The first Sunday of Lent begins at, well, the beginning: Creation and the Garden of Eden. The story of the temptation and fall are a reminder of our sinfulness and our need for salvation. Tempted by the serpent, Adam and Eve failed to love, trust and obey God. The first sin severed man’s relationship with God. According to the catechism, “He chose himself over and against God, against the requirements of his creaturely status and therefore against his own good” (CCC, No. 398). Our first parents were driven out of the garden and into the desert of a fallen world (Gn 3:23-24). Sin had entered the world, and with it came death, pain and suffering.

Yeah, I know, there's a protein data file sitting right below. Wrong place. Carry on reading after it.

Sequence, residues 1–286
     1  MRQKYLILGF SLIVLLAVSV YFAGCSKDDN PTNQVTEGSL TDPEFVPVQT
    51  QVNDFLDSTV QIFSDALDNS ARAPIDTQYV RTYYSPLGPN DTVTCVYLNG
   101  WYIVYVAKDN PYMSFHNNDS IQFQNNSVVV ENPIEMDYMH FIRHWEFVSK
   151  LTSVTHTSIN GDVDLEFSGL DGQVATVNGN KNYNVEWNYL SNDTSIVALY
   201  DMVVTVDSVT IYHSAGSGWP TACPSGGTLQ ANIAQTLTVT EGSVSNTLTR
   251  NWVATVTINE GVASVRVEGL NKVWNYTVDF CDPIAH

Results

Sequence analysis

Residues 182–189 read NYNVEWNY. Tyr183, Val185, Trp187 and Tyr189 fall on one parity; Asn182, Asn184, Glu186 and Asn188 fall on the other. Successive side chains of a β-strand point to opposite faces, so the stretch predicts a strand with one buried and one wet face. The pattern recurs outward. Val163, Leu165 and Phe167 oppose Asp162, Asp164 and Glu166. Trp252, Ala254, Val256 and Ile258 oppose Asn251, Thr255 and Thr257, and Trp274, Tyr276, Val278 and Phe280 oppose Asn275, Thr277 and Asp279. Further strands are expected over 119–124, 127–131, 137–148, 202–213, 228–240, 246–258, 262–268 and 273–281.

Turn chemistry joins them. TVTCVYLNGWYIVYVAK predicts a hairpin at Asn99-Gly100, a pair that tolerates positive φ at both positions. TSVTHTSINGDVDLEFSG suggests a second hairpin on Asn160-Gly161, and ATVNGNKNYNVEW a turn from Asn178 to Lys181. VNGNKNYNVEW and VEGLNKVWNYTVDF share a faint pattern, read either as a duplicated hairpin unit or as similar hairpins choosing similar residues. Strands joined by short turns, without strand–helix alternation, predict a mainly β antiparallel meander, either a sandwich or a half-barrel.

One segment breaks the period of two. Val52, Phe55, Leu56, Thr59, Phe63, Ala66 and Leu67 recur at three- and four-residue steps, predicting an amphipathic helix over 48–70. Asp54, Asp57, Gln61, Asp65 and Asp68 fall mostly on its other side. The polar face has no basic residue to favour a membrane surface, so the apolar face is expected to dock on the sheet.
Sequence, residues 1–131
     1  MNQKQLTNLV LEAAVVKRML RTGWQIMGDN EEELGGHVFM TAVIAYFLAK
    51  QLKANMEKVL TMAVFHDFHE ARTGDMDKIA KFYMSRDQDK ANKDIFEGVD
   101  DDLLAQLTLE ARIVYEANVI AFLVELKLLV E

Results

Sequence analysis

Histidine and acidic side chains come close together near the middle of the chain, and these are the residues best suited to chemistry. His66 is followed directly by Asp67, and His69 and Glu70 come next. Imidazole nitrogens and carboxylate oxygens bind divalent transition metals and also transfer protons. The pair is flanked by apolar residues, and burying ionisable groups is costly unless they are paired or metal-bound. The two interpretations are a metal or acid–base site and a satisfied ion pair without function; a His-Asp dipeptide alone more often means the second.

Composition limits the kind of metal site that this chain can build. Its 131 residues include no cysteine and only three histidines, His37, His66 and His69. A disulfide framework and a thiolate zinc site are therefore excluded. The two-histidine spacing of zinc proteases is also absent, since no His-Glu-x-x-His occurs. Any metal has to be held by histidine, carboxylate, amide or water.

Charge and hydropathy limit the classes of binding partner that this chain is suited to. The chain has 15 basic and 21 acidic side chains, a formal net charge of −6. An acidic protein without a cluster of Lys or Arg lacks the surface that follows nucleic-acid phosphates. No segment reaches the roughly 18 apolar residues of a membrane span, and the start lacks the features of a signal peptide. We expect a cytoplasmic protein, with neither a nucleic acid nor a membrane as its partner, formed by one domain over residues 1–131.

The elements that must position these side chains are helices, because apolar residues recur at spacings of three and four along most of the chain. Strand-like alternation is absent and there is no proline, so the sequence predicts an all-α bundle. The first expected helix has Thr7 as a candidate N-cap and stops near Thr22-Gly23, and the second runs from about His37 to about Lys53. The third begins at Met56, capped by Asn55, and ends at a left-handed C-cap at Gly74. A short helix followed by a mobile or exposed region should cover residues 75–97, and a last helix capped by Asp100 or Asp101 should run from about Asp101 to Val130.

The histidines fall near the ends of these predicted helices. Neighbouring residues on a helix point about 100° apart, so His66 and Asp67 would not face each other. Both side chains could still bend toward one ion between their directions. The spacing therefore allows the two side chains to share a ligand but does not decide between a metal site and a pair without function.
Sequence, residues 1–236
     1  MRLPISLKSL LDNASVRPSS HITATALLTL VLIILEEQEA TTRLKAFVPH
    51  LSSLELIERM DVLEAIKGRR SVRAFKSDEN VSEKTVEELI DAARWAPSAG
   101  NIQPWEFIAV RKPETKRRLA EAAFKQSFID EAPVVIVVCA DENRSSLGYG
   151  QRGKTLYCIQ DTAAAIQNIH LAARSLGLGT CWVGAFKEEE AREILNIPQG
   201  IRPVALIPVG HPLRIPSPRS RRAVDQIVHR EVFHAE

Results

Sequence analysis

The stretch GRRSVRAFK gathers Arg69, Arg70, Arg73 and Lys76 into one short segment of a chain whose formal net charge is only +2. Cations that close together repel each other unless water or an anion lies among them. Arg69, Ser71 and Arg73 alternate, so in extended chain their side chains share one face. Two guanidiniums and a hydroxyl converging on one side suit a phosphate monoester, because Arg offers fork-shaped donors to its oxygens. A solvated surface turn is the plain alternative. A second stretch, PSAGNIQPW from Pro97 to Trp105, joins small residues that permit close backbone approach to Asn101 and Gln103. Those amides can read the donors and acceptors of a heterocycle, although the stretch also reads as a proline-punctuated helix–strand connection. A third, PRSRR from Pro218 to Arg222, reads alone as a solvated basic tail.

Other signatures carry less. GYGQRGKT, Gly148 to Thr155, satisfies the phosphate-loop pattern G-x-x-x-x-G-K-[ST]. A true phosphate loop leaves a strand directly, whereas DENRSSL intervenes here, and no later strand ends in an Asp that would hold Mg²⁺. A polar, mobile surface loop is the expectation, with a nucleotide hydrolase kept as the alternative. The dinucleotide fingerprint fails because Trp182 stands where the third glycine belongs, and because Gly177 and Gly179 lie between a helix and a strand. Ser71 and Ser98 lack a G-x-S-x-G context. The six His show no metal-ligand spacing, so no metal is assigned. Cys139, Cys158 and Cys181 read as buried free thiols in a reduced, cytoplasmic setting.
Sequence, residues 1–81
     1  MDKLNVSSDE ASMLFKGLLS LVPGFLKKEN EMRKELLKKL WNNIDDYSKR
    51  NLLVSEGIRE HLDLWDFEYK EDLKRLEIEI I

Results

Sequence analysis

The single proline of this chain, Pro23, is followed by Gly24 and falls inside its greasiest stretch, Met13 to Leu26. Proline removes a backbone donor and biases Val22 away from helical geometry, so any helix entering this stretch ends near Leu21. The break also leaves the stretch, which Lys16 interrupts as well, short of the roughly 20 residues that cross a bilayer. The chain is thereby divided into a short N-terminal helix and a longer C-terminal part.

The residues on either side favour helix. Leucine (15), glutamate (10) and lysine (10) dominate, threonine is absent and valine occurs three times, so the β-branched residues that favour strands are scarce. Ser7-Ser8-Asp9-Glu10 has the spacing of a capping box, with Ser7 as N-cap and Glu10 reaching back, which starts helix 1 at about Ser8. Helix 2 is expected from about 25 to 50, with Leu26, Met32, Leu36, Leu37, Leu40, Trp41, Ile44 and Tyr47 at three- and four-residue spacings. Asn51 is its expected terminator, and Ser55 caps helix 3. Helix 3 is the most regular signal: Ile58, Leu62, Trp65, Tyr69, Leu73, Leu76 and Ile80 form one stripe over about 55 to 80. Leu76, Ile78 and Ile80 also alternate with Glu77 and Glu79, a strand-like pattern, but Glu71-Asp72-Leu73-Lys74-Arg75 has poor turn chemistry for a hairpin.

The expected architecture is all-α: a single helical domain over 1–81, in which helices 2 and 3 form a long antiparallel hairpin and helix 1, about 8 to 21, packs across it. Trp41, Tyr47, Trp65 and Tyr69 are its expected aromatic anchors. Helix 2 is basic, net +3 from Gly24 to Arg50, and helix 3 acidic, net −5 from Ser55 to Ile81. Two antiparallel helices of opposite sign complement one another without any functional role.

The Gospel for the first Sunday of Lent presents Jesus’ dramatic confrontation with the devil. The three temptations Jesus underwent in the wilderness represented the temptations the Israelites had failed to overcome while in the desert for 40 years. The 40 days and nights Jesus spent in the desert represent those years; likewise, the 40 days of Lent are based upon the fast of our Lord (CCC, No. 540). Led by the Spirit and guided by the Church, we enter into a desert of sorts, renouncing various comforts and making more time for prayer and self-sacrifice. We ask: Do I trust in God? How can I grow in obedience and love?
Grant me, O Lord, to know what I ought to know, to love what I ought to love, to praise what delights thee most, to value what is precious in thy sight, to hate what is offensive to thee. Do not suffer me to judge according to the sight of my eyes, nor to pass sentence according to the hearing of the ears of ignorant men; but to discern with a true judgment between things visible and spiritual, and above all, always to inquire what is the good pleasure of thy will. Amen.”